Directed by Olivier Assayas
A personal shopper in Paris refuses to leave the city until she makes contact with her twin brother who previously died there. Her life becomes more complicated when a mysterious person contacts her via text message.
See more films
★★★★½ review by davidehrlich on Letterboxd
“Cinema is about resurrection. Cinema is about dealing with your own ghosts and bringing them to life. Cinema can explore your subconscious and your memories, but mostly it allows what is lost to come back.” — Olivier Assayas
I promised myself that I wouldn’t tell Kristen Stewart about my dad.
I repeated that instruction like a prayer as I prepared for our interview. I didn’t want to make this about me. One of the first hurdles you must clear as a film journalist is accepting you are always the least-interesting person in the room. As I sat across from Stewart and writer-director Olivier Assayas in an empty Lincoln Center atrium on a rainy October afternoon, it wasn’t even close.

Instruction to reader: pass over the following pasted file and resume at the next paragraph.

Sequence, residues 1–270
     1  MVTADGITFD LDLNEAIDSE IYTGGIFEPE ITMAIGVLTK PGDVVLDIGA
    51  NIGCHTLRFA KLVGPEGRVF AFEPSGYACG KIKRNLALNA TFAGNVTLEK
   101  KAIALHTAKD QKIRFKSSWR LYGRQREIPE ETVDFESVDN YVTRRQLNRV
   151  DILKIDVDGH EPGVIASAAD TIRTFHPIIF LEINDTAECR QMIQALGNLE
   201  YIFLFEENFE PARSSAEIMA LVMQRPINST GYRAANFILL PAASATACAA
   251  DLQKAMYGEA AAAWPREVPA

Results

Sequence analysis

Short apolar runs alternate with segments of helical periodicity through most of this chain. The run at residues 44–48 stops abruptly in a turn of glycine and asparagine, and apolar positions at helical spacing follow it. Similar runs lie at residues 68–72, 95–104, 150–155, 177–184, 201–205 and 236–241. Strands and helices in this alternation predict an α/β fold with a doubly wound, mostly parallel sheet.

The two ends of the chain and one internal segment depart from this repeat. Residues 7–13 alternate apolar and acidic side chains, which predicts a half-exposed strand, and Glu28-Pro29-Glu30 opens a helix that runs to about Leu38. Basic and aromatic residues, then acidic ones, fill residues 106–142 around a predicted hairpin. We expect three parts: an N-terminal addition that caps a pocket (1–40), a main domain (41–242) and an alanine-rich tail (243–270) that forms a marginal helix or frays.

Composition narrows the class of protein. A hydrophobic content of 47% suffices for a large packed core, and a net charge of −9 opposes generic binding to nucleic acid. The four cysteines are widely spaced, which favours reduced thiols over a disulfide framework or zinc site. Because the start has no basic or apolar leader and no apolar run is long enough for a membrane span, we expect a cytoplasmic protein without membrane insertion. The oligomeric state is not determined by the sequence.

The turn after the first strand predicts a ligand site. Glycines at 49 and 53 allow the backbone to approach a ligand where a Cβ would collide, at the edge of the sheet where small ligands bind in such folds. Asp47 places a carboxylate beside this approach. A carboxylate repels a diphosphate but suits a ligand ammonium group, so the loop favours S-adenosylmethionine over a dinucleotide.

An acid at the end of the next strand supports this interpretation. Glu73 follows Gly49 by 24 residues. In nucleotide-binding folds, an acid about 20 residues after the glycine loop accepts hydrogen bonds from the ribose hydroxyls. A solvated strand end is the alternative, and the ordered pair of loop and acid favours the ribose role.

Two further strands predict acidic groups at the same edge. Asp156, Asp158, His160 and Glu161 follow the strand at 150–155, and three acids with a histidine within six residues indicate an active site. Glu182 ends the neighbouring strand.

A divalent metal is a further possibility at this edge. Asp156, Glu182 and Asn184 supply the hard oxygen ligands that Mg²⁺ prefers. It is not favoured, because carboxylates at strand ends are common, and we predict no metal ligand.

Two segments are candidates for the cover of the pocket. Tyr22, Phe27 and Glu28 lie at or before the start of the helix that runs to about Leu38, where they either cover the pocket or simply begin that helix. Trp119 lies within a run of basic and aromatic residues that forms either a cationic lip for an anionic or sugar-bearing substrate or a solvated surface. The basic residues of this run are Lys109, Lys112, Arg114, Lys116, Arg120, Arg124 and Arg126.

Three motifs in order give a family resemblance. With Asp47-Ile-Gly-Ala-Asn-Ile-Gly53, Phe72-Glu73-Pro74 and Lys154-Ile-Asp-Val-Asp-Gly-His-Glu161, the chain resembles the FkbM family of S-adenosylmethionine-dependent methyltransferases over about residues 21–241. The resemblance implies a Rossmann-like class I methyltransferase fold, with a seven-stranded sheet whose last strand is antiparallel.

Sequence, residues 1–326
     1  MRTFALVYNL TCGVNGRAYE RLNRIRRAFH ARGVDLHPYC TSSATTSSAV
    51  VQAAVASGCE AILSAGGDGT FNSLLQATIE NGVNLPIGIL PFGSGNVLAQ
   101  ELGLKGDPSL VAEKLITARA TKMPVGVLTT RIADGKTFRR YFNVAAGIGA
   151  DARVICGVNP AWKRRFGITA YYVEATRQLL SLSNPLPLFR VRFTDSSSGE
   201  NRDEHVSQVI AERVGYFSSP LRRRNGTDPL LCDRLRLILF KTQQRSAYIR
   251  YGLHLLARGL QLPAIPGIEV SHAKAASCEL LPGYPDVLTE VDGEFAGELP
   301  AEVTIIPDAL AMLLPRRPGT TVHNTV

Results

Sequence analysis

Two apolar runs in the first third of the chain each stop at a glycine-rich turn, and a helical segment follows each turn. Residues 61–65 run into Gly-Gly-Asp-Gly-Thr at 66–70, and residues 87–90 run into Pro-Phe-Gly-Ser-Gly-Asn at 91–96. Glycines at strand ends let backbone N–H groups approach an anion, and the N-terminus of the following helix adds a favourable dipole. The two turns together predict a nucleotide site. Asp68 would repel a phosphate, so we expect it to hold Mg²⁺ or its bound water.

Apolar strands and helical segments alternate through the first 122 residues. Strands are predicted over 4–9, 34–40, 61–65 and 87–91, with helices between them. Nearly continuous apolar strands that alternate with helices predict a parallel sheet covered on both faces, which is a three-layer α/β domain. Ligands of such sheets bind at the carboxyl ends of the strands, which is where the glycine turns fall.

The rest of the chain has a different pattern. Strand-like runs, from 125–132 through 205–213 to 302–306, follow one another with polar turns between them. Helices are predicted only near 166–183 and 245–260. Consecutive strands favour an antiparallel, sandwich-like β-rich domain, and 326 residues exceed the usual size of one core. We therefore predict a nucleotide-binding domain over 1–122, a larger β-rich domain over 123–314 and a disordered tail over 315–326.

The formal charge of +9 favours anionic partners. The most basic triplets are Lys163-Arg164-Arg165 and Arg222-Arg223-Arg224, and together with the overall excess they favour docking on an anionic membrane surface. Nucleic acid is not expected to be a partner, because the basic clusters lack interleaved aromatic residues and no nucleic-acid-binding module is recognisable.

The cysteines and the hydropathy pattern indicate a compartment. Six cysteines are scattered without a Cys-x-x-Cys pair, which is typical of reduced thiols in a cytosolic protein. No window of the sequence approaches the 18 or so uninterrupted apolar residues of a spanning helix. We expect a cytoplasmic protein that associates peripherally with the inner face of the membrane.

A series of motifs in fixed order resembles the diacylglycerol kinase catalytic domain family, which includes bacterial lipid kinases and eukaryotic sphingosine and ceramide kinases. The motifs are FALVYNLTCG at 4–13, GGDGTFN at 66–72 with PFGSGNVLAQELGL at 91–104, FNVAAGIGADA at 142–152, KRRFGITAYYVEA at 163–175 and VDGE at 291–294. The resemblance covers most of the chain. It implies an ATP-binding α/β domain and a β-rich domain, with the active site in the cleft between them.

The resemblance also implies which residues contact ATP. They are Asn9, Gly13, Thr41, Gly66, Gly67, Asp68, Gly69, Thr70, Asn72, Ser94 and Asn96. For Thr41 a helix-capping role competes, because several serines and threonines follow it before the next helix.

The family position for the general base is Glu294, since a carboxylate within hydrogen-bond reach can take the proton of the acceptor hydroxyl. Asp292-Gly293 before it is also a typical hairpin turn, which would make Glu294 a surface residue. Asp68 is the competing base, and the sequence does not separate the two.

When you’re grieving, the dead always seem relevant. And when you’re talking about Assayas’ “Personal Shopper,” where Stewart’s character moonlights as a modern-day medium desperately trying to establish contact with her late twin brother, the dead always are.
★★★★ review by davidehrlich on Letterboxd
i loved this movie. more than just a slinky and seductive ghost story for the iPhone age, it's also an exceptionally smart portrait of how living technology shapes how we remember (and live with) the dead. it's slinky, seductive, and feels graced with a genuine sense of loss. and there's a long-take close-up at the end that singlehandedly proves that Kristen Stewart is worth her cult. i can't wait to see this again.
★★★½ review by brat pitt on Letterboxd
the ghost was #relatable because i too would focus all of my supernatural powers solely on texting kristen stewart
★★★★½ review by Timcop on Letterboxd
The wildest thing that happens here is how K-Stew puts a space between the final word of a sentence and the question mark.
★★★★½ review by Eli Hayes on Letterboxd
Fear is but a form of fascination.
- See all reviews